Lifelong Learners: Marilyn Jensen Rises Above A System Not Meant For Her
“We're lifelong learners; our learning never ends, officially,” says educational and cultural consultant Marilyn Jensen. She is Inland Tlingit/Tagish Khwáan, from Carcross, Yukon Territory, and her clan is Killer Whale. She was born into an interracial marriage of amazing parents who have since passed away. Her upbringing was supportive, loving and encouraging in a time of prevalent racism. Culturally strong and grounded, her family was able to survive through residential school impacts and other challenging social issues.
She’s inspired by her mother. “She came into this world a warrior woman, a fighter, just so determined to elevate her people and her children to the rightful place that they belong,” she recalls. “I grew up with my mom telling me, ‘you're a Tlingit princess and don't forget what that means. You know what that means? It means that you're beautiful, you're smart,’" she continues.
Jensen’s mother raised her to take pride in herself but also in our community. Her mother would tell her, “Our people are noble, they deserve everything good and right in this world. It's time for our people to be happy again. It's time for our people to have joy in life.”
When Jensen heard the criticism of the world disparaging Indigenous people, her mother’s voice would counter their arguments in her head. A fearless woman who stood her ground, Jensen’s mother led the way for change and progress, sharing her wisdom. She encouraged resilience, humility, gratitude, and the strength to fight for what is right.
Growing up, the public school system wasn’t good because Indigenous students were made to feel stupid, which made moving onto post-secondary challenging with the negative voices discouraging her. She didn’t feel like she belonged at university because she had been so devalued, but she found the confidence to continue.
“I'm conquering the system, the system that has not been friendly or accommodating to our people, and has forced us to be everything we're not, to master it,” she told herself. Her undergraduate degree was in anthropology and she did a master's in Indigenous governance. Grad school was easier with her newfound confidence and positive self-talk.
At the beginning of her post-secondary journey, she was ill-prepared for success. She didn’t have the skills she needed but she figured it out after spending time with older students who knew what they were doing. Her grades improved until she graduated on the Dean's list. Jensen was the first in her family to go to university, and her mother cheered her on the whole way.
“All of a sudden you're doing something and you didn't really start out thinking that's what you're going to do. But there you are.”
After university, Jensen got into consulting in Indigenous education and wellness because while her undergraduate degree focused on heritage and culture, life led her in a different way. She partnered with another woman who lived nearby and the Yukon government hired them to teach their staff about culture, history, the land claims movement, and self-government.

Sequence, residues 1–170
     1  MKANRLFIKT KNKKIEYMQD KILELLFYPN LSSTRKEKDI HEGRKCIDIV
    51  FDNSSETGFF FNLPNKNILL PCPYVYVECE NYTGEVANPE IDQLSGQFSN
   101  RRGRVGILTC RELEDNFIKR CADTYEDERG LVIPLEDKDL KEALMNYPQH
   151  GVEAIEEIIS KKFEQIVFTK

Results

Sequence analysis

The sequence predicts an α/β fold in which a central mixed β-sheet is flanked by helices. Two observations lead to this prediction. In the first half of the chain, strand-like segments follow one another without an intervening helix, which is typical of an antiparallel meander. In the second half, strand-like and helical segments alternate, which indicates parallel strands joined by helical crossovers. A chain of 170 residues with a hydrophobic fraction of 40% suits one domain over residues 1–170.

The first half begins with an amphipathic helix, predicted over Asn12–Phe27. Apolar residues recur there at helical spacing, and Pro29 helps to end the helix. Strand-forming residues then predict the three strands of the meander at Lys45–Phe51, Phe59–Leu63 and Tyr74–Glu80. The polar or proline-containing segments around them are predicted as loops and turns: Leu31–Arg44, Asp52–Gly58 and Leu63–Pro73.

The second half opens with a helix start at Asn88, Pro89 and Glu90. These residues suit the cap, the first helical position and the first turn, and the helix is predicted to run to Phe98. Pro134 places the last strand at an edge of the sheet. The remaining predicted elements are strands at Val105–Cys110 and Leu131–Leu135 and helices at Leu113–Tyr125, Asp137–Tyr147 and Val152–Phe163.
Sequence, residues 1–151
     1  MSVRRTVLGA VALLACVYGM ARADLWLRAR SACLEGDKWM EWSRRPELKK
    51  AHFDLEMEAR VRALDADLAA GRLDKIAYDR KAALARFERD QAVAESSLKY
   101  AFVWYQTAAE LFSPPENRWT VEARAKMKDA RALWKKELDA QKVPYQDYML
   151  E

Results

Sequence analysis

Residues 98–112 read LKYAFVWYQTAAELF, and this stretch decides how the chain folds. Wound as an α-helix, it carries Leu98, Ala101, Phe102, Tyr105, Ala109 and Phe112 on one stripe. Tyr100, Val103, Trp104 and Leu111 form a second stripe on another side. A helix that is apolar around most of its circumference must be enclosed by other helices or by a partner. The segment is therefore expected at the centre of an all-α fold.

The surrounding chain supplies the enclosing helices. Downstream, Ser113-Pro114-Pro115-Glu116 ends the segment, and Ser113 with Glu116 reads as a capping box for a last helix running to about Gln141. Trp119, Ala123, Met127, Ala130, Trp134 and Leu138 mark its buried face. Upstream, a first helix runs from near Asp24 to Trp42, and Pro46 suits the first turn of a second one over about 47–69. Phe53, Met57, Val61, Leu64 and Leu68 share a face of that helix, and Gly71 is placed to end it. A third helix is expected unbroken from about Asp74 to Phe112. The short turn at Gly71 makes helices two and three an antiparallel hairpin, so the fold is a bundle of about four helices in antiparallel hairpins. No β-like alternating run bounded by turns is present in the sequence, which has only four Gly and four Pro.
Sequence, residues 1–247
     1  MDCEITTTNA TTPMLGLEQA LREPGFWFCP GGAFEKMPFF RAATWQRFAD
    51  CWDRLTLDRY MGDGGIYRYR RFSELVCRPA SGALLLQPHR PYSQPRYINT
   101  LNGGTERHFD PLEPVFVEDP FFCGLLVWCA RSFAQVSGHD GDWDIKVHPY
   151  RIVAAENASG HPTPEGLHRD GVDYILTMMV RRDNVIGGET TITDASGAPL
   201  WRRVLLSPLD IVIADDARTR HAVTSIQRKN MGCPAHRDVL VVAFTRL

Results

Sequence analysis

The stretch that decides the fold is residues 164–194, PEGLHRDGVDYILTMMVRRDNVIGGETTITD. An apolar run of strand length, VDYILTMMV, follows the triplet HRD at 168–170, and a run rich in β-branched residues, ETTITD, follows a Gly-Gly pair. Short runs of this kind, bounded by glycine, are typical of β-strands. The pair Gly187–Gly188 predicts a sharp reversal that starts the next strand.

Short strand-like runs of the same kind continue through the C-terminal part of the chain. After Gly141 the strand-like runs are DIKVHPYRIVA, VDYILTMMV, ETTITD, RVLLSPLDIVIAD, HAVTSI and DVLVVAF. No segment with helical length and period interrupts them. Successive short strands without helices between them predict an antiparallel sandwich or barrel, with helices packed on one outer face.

The experience taught her that she’s a teacher with the gift of storytelling, sharing and being able to help people understand concepts. Now she teaches at Yukon University, does public speaking, and facilitates workshops. She’s working with a new colleague on a lateral violence Indigenous community workshop, teaching lateral kindness. She’s motivated by the meaning of the work she does, the experience of connection and making a difference in the world and the beauty of her people.
Outside of her consulting work, Jensen is very active culturally, leading a dance group and beading regalia. She’s also the chair for the Yukon First Nation Culture and Tourism Association and the chair of Indigenous Tourism Canada. She tries to work out three times a week, take care of her nutrition and focus on her wellness, like getting enough sleep.
Her advice to Indigenous youth finding their path is to be flexible. “Follow your heart, but also be open to things that might change to be different,” she advises. She hopes students will keep going with their education and rise above a system that isn’t built for them. “We know that piece of paper doesn't define you, or validate you, but it definitely gives you more armour. It definitely will open up a lot more possibilities and opportunities,” she continues. Most of all, she hopes they don’t give up.
Her hopes for the future are that she will build a legacy of lateral kindness around the work she’s doing, and have opportunities to mentor and inspire young people who will carry on the work. She wants to transfer her cultural knowledge, keep the fires burning, and build community and wellness. Marilyn Jensen knows that we're lifelong learners and our learning never ends, officially. Fortunately, neither does her teaching, so long as young people can hear her voice in their heads the way she did her mother’s all those years ago.
Thanks to Alison Tedford Seaweed for authoring this article.
Future Pathways Fireside Chats are a project of TakingITGlobal's Connected North Program.
Funding is generously provided by the RBC Foundation in support of RBC Future Launch, and the Government of Canada's Supports for Student Learning program.